Picking up silverware, a fork or spoon, and lifting food to your mouth, or picking up a knife to cut your meat then using the fork to lift the meat to your mouth. It's just natural for healthy people to eat and not think of every motion required to eat.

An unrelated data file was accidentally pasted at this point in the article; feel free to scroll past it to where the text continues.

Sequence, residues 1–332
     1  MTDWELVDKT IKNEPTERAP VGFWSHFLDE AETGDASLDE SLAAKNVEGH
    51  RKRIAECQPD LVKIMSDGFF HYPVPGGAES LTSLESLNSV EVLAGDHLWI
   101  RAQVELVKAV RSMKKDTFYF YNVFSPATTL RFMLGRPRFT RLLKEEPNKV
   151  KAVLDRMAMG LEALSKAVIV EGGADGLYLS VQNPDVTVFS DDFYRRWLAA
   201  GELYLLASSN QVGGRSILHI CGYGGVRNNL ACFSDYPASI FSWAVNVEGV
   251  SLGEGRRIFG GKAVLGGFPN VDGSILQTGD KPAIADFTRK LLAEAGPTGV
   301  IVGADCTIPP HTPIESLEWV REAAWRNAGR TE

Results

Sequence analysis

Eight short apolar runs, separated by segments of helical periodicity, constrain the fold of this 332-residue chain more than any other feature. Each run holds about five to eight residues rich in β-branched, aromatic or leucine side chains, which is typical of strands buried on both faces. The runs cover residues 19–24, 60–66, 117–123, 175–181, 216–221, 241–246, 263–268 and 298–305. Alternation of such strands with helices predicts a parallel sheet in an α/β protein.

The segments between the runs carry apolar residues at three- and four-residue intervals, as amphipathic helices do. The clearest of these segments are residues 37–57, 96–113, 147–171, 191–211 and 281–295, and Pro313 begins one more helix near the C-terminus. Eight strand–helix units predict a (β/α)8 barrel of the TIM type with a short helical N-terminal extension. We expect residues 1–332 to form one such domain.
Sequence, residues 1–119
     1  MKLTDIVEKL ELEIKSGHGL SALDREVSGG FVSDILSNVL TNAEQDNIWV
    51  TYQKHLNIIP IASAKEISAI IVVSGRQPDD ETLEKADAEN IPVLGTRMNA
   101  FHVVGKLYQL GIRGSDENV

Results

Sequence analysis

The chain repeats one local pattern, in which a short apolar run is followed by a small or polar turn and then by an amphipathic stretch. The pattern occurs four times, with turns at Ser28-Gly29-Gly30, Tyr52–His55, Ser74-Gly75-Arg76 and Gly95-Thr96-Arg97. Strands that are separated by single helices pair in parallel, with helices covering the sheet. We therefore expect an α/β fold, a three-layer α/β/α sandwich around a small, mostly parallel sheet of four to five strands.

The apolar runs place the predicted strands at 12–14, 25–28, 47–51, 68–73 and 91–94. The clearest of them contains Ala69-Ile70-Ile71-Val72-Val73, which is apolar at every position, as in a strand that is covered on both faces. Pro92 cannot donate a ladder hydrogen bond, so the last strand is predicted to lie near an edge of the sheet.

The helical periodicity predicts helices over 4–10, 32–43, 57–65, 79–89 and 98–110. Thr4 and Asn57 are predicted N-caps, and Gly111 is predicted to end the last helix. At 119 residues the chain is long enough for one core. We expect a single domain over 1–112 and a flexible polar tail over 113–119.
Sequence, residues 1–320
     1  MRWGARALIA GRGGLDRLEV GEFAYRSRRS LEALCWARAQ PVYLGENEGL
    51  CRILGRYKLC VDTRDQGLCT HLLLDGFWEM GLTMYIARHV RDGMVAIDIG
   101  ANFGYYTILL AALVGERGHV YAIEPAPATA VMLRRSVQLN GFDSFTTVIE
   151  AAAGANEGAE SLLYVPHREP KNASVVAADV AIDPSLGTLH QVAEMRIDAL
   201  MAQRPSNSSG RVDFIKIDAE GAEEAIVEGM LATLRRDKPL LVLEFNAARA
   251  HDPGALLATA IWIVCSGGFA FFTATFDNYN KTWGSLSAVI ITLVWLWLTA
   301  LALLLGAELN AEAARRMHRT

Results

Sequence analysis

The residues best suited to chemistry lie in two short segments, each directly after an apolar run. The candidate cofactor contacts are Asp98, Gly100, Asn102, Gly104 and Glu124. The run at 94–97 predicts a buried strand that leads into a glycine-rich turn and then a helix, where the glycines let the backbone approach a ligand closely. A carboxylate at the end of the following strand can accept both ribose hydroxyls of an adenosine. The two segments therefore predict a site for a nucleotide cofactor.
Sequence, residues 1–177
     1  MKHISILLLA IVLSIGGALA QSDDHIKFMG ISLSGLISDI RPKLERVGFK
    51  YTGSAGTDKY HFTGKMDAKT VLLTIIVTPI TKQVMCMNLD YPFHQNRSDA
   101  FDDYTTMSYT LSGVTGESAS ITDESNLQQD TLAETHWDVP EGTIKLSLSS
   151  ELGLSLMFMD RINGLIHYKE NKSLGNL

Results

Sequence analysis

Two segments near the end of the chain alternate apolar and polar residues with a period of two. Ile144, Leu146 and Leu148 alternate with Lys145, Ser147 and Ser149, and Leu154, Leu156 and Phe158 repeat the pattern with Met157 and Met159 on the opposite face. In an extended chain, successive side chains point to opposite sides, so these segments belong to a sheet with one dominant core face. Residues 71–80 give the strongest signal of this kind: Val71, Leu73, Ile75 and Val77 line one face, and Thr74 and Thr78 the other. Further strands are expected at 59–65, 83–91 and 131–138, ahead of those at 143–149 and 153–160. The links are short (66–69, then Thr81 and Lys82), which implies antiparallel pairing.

Disabilities can interfere with daily living activities like eating. Physical limitations can make eating at dinnertime more difficult. Using special silverware can help. People of all ages who need support to feed themselves independently can benefit from the use of assistive eating devices. Children with special needs as a result of neuromuscular issues, neurological challenges and developmental disabilities that impact the use of the hands benefit both psychologically and physically from learning to eat with assistive tableware. Adults living with neurological diseases such as Parkinson’s disease, MS, or ALS, or those in rehabilitation from spinal cord injuries, rheumatoid arthritis, or living with congenital conditions including cerebral palsy may eat with a minimum of help by using assistive utensils and dinnerware. Seniors living with osteoarthritis, rheumatoid arthritis, or post-stroke issues may retain some of their autonomy by eating with adaptive tableware, too. Ask your health care provider which ones will work best for your loved one.